Travis – Everything at Once
Everything at Once is an album you put on whilst walking down a busy street, or on the tube in rush hour. It is instantly calming – a soothing blend of melodic rock, uplifting lyrics and calming pop. Whilst it may not be an album of hits, there is enough variability between songs to mean it has that rare quality of being enjoyable to listen to as a whole, even with songs seamlessly blending into one other. Unfortunately, at times, it does cross into the realms of background music.
The first track, What Will Come, lulls listeners into the record with the regular rhythms and unmistakable vocals of lead singer Fran Healy. Other typically Travis tunes include Animals and Three Miles High. All of the Places delicately bubbles along with sweet harmonies and Healy’s effortless high notes. Final track Strangers on a Train is the most likely contender for a future sing-along, but it is by no means the best song of the album.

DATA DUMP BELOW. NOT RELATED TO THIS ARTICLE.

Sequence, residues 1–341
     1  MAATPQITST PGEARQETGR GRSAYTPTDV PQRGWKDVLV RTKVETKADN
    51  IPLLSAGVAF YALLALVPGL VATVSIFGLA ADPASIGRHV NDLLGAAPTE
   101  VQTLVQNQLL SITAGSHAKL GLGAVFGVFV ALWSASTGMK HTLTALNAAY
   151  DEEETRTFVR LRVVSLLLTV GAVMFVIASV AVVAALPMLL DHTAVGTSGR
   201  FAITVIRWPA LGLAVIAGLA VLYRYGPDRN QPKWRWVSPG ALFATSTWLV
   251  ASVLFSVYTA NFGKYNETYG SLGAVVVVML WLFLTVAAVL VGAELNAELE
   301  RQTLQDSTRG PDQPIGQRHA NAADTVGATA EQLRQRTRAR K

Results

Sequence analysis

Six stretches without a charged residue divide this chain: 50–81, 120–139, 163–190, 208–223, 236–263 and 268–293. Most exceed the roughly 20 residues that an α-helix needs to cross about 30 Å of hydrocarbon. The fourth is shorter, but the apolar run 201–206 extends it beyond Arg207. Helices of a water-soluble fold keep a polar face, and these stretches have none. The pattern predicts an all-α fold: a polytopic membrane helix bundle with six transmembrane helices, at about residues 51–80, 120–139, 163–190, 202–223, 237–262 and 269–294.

There are some musical experiments that digress from the band’s typical style: they try power-pop on Radio Song, whilst Idlewild is a unique gem. It is mysteriously alluring with a distinctive duet with Josephone Oniyama and echoes of James Bond and Nick Cave. The lyrics are particularly interesting: “Here we lie / high and dry / the world will never see you till you open your eyes. / Say goodnight / kill the light / the world will never hear you tonight.”
Ultimately listeners get everything they would expect from this album, and whilst it is good work for Travis and, more importantly, for an eighth album, it is not exceptional in itself. Though it is concise and well selected, the videos are incongruous and somewhat ridiculous at times (the video for Magnificient Time has a distinctly CBeebies feel – the band prance childishly around on a brightly coloured set). That said, this is undoubtedly a warm-hearted album from a modest and unassuming band.
Everything At Once is released on 29th April 2016, for further information or to order the album visit here.
Watch the video for Magnificient Time here: